Not me for once...
But I've been told similar versions of this story by two unrelated people that worked for the same bank so I think it may be true:
A large new data centre for a UK bank opened mid nineties just outside the Yorkshire town the bank was named for. It had new fangled doors with swipe cards to get through, though sometimes there was a 'push to exit' button at the side of a door to get it open.
A new cleaner was working at the site one evening and walked up to one of the secure doors. Looked at both sides for a card reader but didn't see one, though there was a big red button to one side.
Pushed the button to open the door but it was still locked? Apparently they got all the systems back up and running by close of business the next day!
One of the guys that told me the above also told me about the time they tested the fire suppression system for the archived paper storage at the same banks head office (a large office building in the middle of the town the bank is named for). They had installed a new halon suppression system in the basement, and the final test was of the extract to clear the halon if someone got caught in the area being suppressed (so they didn't suffocate). To do this they fill the area with smoke then turn on the extract to see how long it would take to get all the smoke out. They did this and the smoke cleared nice and quickly.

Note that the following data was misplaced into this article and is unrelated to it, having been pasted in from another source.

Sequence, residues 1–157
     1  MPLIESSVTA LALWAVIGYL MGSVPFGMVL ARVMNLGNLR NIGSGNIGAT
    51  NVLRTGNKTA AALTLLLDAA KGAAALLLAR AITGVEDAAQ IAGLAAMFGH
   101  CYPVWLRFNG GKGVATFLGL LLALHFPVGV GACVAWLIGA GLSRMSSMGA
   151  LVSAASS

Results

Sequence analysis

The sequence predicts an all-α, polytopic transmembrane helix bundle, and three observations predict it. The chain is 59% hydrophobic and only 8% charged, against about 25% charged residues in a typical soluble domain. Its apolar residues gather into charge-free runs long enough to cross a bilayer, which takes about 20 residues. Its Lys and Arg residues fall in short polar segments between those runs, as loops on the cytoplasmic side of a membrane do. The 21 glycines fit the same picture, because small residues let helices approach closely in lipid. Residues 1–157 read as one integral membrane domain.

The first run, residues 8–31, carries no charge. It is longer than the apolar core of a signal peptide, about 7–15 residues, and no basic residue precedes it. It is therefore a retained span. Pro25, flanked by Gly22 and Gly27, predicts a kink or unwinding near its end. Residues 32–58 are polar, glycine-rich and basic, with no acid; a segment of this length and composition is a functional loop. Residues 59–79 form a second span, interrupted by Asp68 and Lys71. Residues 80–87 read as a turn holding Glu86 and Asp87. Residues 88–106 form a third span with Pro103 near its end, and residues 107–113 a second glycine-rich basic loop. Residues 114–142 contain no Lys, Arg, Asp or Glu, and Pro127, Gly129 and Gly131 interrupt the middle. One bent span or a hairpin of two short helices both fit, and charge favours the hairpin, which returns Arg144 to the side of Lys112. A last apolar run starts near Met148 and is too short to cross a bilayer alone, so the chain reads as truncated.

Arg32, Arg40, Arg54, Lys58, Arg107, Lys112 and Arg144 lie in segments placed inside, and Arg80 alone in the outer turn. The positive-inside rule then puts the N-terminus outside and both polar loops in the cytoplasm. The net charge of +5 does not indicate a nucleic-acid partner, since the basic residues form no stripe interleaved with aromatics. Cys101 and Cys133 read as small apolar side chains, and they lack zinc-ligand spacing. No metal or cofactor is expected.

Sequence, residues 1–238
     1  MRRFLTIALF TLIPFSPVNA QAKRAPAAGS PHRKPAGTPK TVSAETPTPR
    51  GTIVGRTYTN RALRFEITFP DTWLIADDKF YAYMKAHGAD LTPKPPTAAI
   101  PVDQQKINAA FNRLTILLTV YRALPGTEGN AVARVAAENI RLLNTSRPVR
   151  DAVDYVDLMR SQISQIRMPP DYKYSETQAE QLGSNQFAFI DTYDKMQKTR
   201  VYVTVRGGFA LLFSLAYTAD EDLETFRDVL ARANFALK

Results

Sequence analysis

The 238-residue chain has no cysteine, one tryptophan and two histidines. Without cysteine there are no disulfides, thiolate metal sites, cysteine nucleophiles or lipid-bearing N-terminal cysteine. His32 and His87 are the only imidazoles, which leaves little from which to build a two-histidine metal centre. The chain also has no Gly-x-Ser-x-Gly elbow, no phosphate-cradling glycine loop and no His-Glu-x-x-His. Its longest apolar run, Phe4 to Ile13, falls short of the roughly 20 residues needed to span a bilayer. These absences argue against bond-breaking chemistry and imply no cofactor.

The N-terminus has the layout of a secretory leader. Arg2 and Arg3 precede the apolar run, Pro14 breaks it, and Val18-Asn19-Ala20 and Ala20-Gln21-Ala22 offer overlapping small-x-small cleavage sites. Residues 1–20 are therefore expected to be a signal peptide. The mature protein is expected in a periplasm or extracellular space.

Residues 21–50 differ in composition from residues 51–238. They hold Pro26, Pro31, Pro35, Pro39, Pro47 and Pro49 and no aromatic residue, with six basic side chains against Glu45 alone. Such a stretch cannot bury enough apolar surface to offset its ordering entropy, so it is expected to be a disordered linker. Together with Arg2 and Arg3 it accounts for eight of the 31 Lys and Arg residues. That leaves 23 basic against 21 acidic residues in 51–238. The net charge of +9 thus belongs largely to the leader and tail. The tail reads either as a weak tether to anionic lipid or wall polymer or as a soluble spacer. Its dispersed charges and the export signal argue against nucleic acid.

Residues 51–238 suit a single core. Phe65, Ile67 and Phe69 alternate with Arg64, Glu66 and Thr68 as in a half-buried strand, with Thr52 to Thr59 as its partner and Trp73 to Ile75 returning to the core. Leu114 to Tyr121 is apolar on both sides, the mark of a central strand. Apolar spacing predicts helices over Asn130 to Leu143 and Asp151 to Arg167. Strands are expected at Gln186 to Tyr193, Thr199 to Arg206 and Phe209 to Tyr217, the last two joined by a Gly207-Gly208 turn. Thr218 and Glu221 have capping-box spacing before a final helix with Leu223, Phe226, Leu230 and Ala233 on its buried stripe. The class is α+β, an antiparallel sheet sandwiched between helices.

Walking out of the building, on the way to a liquid lunch after everything had gone well, there was lots of noise and fuss outside. It turned out the basements ventilation system was linked to the modern art statue in front of the offices, and for the last 10 minutes plumes of smoke had been poring out - obviously the fire brigade had been called.